Regatta Daze in the Bay

Regatta Daze in the Bay

New infrastructure for the race will be build along San Francisco’s waterfront.
Courtesy AECOM

After flirting with Newport, Rhode Island, the organizers of the 34th America’s Cup sailing competition, which will take place in 2013, have in the end committed to San Francisco. It’s a promising match in a number of ways. Silicon Valley-based Oracle CEO Larry Ellison, the event’s most visible booster, can see his team defend the cup on (almost) home turf; sailing fans get to see the action from the shore, unlike past America’s Cup races; and the city gets additional funds and a significant impetus to improve its waterfront.

The event’s infrastructure, temporary buildings, and event operations along a wide swath of the city’s waterfront—including several piers and sites including Fort Mason, Crissy Field, Alcatraz, and Treasure Island— are estimated to cost several hundred million dollars. To reach the finish line, the city is fast-tracking the EIR process, which requires approvals from at least 16 local, state, and federal regulatory agencies by the end of the year.

The boat race route and planned improvements along the city’s waterfront.
[Click to enlarge.]

The master planning, engineering, and design of temporary structures is being overseen by AECOM, which has been involved since the city began pursuing the project, while the event headquarters will be located in the new cruise terminal at Pier 27, designed by KMD and Pfau Long Architecture, and now on an accelerated schedule.

“We’ve had a plan for 20 years, but this gives us a huge ability to actually implement it,” said Jonathan Stern, assistant deputy director of the Port of San Francisco, which owns the event’s primary sites. After the 1991 Loma Prieta earthquake, the city developed a Waterfront Land Use Plan, which restricts the waterfront to public uses and forbids hotels and high rises over water.

A $70 million cruise terminal can also accommodate events.
Courtesy KMD and Pfau Long Architecture

New construction agreed to by the city includes the $25 million Brannan St. Wharf, a public green. The event authority will foot the bill for other permanent infrastructure improvements, including $55 million to shore up Piers 30-32 just south of the Bay Bridge, and $7 million to remove the existing building and clear the Pier 27 site. In return, the event authority will get long-term development rights for Piers 30-32 and Seawall Lot 330. The new Exploratorium science museum, designed by EHDD, is also expected to open around that time on Pier 15, so the entire zone between the Ferry Building and Fisherman’s Wharf will see a flurry of activity.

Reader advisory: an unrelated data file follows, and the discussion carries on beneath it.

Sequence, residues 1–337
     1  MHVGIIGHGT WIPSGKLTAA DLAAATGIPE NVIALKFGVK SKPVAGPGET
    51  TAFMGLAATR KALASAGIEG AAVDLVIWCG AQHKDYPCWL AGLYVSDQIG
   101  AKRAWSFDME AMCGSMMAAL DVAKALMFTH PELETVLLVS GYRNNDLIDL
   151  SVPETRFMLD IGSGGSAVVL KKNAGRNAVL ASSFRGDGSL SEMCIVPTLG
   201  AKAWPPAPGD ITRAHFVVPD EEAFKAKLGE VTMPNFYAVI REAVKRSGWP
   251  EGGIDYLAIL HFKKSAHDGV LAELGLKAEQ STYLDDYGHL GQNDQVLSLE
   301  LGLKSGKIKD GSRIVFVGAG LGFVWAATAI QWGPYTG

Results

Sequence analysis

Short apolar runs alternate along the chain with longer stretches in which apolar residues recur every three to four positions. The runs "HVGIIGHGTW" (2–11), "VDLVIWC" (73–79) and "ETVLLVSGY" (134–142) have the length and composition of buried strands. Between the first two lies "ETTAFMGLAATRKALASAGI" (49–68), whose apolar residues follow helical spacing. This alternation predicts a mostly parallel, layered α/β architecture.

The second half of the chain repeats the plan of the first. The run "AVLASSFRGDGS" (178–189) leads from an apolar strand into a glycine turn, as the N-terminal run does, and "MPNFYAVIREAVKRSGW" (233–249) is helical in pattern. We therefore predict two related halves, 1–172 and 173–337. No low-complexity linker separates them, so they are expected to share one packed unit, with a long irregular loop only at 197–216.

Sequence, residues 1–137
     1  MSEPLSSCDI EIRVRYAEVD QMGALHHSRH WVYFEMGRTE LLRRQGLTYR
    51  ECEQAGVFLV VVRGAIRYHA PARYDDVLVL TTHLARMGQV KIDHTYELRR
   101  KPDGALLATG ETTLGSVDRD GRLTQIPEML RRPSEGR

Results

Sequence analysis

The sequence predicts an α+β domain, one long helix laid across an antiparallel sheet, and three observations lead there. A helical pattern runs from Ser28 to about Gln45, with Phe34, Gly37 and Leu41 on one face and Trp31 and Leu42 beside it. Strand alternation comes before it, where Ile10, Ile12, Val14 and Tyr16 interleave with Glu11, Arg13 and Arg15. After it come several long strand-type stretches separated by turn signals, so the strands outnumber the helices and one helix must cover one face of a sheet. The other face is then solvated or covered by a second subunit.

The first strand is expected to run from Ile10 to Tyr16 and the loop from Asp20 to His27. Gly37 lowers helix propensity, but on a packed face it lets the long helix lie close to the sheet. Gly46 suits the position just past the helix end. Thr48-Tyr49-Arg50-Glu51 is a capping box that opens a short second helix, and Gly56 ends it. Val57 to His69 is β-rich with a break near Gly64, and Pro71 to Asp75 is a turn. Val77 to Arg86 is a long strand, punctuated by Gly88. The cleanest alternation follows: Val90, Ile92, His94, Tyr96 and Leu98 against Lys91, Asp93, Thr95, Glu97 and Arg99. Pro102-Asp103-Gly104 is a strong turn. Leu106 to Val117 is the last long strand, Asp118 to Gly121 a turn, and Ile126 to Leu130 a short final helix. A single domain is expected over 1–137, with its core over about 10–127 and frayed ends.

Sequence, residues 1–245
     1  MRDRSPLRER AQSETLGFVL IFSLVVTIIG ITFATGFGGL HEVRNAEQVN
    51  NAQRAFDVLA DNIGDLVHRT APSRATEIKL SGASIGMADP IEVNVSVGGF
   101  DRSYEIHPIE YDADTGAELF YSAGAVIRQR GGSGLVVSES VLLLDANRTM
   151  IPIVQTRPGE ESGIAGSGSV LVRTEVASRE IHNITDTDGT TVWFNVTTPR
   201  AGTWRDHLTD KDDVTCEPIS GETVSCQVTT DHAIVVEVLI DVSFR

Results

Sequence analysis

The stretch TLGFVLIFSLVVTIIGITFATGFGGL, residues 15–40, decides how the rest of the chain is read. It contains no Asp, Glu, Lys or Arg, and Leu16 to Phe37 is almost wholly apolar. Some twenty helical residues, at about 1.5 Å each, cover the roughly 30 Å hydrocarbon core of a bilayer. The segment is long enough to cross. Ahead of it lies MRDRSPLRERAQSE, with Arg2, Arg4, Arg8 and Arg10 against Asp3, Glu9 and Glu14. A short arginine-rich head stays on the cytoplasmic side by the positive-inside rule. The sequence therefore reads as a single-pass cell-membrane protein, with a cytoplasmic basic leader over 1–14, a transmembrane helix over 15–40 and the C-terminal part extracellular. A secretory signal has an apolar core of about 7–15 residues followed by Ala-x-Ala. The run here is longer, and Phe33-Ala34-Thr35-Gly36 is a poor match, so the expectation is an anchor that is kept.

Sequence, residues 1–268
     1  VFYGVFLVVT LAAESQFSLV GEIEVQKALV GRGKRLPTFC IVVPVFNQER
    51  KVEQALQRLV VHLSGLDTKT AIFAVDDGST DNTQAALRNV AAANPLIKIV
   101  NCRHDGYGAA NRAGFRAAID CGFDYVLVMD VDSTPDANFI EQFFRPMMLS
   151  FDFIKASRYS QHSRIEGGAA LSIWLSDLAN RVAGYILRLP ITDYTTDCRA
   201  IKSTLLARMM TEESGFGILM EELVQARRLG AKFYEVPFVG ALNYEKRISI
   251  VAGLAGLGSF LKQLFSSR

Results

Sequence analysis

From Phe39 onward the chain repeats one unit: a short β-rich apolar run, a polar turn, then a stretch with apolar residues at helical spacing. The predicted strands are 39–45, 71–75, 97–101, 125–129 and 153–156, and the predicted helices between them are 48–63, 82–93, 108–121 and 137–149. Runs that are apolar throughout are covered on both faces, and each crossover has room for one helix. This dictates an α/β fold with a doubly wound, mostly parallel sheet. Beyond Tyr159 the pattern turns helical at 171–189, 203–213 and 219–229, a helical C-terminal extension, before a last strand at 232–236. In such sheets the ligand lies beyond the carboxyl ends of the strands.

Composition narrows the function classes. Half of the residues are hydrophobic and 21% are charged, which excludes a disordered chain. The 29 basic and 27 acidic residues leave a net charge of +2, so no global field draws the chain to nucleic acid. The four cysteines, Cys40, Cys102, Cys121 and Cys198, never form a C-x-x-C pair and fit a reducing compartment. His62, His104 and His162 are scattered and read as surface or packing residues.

A modern version of the industrial warehouses along the piers, the 96,000-square-foot, $70 million cruise terminal is being designed as a flexible structure able to accommodate various events as well as cruise arrivals and departures. The top level will be glassed-in on three sides, while the lower level will have glass roll-up garage doors to allow events to open to the outdoors. “We’re trying to reflect the working nature of port buildings,” said Ryan Stevens, director of design for KMD.  

Overlooking planned waterfront improvements including new green space and cruise terminal.

The event organizers estimate that the city will gain about 800 jobs lasting a year and up to $1.5 billion in economic activity, as well as the undefined value of greater visibility in the maritime industry. “This really is a really unique maritime use, and we hope it will activate people’s imaginations about the possibilities of this area,” said Stern.

SOM, working for the city on the presentation used to entice the race organizers to stay in San Francisco, had painted an architectural vision for the America’s Cup. Their rendering of an ampitheatre that resembled an airy Calatrava bridge, alas, is likely to remain a rendering.

“The event is not about architecture—it’s about the architecture of the boats,” pointed out Stern.